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BC Politics

BC Gov't Faces Third Lawsuit over Health Ministry Firings

Employee says he was falsely ousted and RCMP have yet to contact him.

Andrew MacLeod 12 Mar

Andrew MacLeod is The Tyee's Legislative bureau chief in Victoria. Find him on Twitter or reach him here.

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Minister Margaret MacDiarmid: Six months after she said RCMP are investigating fired workers, one has yet to be contacted by Mounties.

The British Columbia health ministry is facing a third lawsuit over how it handled the firing of seven employees last year.

The notice of claim filed March 11, 2013, in the British Columbia Supreme Court alleges the government fired Bob Hart without just cause or notice, then repeatedly defamed him in press releases and news stories.

The document also says the police are yet to contact Hart, more than six months after Minister Margaret MacDiarmid said publicly the RCMP are investigating the matter.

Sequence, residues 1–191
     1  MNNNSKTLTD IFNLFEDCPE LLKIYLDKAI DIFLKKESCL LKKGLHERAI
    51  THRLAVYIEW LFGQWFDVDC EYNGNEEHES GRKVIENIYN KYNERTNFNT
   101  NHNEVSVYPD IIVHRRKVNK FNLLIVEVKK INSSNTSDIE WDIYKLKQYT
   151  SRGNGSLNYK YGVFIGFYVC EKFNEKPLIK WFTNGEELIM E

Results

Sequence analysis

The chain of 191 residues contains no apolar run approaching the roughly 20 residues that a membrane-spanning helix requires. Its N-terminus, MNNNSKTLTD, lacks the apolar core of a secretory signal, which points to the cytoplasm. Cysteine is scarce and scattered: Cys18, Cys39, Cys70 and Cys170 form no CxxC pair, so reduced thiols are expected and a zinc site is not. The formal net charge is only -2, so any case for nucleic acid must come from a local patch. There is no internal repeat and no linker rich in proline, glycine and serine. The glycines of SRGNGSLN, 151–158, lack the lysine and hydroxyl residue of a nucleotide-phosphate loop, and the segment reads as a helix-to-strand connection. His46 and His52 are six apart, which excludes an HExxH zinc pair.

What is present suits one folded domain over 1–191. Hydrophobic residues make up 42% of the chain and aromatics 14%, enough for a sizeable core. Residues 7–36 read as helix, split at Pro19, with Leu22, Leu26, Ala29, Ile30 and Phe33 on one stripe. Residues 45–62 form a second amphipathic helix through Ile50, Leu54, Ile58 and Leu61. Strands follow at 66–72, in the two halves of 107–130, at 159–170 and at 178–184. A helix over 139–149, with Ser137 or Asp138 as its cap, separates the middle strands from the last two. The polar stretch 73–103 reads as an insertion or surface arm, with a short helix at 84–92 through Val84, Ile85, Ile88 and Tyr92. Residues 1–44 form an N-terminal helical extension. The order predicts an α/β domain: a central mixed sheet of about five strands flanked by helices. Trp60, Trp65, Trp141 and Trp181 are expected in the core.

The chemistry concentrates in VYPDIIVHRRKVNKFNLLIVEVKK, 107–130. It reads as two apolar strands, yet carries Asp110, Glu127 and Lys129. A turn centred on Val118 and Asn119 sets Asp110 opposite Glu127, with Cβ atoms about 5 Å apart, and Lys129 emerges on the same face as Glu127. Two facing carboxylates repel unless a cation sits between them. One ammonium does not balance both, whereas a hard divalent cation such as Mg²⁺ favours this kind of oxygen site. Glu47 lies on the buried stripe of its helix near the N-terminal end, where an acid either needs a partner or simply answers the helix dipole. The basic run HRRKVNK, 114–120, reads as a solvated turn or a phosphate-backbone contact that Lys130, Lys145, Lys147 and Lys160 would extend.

The government has repeatedly said police have been notified and that the investigation limits what officials can say about the case.

Hart was first confronted with allegations of workplace misconduct at an Aug. 31 meeting, his notice of claim said. "He was not given advance notice of those allegations, and was not given the opportunity to instruct or be represented by counsel," it said. "He was thereby denied the opportunity to make a full and complete answer to the allegations that were presented."

The meeting was with Dale Samsonoff from the health ministry, Wendy Taylor from the citizens' services ministry and Sarah Brownlee from the Public Service Agency. At its conclusion Hart received a letter signed by health assistant deputy minister Lindsay Kislock saying he'd been suspended without pay during the investigation into workplace misconduct.

That letter said Hart would be given an opportunity to respond to the findings of the investigation and any recommendation regarding his employment.

No chance to respond

Less than two weeks later Hart received a letter from Deputy Minister Graham Whitmarsh saying he'd been fired.

"The Plaintiff was not given an opportunity to respond to the allegations in the Sept. 13 dismissal letter, despite the assurances in the Aug. 31 letter that he would be given that opportunity," the notice of claim said.